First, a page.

Football, the working class, and Marx: a 'tweet' from Kendrick Smithyman
A couple of weeks ago, during a different debate on this blog, Dave Bedggood suggested that writers have nothing to fear from the new technology of the internet age. According to Dave, poets would do well to learn how to express themselves in tweets. I thought Dave and other veterans of the debate about the World Cup might enjoy this poem by Kendrick Smithyman, which manages to deal with football, Marxism and the future of the working class in the space of the average tweet:
Marx was wrong.
The quantitative does not become
qualitative. Have you ever seen
a dealer's window full of TV sets
reporting an English football match?
Negation is not negated.
Smithyman scribbled the poem down on the 20th of May, 1969, while he was spending six months in Britain as the guest of the English Department of Leeds University. 'Dialectic' did not appear in Journal 69, the section of Smithyman's Collected Poems which describes his English adventure, but it did survive on a piece of loose paper in the great man's archive, where I discovered it last year. I'm urging Brett Cross to allow me to include the poem in From the Private Bestiary, the annotated selection of Smithyman's unpublished poems which I am bringing out through Titus Books this year.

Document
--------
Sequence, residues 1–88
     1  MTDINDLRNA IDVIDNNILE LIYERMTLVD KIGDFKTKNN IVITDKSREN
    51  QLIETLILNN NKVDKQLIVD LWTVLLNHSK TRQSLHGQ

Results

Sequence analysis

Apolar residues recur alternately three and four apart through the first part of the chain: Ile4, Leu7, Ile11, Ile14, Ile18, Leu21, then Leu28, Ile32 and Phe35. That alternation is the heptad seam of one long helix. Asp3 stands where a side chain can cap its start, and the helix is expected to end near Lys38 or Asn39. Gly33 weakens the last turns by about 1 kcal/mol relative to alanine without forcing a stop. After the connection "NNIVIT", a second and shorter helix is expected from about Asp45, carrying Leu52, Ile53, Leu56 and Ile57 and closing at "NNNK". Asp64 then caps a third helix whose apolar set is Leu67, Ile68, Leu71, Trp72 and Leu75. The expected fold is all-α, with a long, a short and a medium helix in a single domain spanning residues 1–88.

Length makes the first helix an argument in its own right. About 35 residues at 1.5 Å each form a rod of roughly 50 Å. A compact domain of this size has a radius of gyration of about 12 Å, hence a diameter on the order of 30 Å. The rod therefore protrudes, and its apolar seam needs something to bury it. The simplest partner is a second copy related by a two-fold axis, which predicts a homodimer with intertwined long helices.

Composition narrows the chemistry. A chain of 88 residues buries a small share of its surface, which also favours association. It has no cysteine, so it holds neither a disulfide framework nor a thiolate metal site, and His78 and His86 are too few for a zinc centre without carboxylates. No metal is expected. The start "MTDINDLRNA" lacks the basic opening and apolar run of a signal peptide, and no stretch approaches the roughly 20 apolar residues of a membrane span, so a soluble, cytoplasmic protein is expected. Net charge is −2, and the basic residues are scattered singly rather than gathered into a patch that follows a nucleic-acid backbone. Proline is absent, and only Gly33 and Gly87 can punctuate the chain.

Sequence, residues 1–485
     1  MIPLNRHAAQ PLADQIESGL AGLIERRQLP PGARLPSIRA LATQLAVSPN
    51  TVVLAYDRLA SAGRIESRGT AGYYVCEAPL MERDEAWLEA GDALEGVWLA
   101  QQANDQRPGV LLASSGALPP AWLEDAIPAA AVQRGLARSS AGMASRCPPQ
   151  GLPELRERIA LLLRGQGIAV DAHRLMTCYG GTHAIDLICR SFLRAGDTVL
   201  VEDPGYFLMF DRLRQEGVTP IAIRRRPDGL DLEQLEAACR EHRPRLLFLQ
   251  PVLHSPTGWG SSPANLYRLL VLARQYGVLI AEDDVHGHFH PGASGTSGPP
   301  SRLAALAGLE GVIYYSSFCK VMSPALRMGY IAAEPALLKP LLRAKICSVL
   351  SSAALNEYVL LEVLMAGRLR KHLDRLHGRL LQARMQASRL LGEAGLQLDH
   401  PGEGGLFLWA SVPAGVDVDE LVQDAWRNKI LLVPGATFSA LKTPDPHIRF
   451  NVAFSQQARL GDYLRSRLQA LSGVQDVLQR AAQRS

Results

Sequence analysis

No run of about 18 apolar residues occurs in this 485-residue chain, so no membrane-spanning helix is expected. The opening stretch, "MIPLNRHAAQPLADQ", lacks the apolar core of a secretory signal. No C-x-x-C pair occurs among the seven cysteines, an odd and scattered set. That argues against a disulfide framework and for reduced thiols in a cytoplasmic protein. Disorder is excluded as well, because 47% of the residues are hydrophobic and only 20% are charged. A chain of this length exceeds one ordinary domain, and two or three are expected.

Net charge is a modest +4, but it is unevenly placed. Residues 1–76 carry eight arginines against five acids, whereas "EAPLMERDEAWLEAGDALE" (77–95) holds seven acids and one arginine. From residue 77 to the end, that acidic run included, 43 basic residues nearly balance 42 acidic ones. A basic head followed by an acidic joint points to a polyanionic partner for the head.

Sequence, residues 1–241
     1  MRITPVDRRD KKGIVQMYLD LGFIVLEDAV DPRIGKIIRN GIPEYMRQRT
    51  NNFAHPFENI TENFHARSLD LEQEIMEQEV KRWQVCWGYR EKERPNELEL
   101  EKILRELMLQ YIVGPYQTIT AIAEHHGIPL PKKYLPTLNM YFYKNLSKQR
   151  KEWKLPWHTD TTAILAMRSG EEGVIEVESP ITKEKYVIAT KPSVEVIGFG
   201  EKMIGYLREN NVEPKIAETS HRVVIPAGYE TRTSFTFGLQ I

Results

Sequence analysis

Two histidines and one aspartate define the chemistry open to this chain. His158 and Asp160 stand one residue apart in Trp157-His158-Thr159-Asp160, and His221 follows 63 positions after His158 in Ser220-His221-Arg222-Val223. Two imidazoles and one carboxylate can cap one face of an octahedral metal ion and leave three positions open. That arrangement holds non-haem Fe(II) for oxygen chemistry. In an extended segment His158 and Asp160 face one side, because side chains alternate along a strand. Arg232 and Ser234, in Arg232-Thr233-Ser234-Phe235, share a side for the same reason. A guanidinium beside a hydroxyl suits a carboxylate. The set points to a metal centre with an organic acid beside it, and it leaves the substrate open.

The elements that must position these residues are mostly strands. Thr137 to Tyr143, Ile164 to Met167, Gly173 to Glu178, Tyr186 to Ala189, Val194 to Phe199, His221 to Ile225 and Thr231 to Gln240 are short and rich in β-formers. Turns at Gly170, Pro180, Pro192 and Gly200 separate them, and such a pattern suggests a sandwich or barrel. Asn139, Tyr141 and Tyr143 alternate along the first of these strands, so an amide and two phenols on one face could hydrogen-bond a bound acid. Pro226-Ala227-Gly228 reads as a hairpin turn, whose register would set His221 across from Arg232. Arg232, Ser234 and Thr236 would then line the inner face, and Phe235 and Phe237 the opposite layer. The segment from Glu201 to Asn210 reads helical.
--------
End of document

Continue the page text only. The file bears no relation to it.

I'll post an interpretation of 'Dialectic' when I have time, but I'd be interested to see what some of the readers of this blog have to say about it. Is the poem deceptively simple, or is it just, well, simple? And does anyone have an idea what game might have been playing on English televisions on or just before the 20th of May? According to my five minutes' of research on the internet, the English football season was well and truly over by then, with the FA Cup final, in which Manchester City beat Leicester City, having been played in mid-April.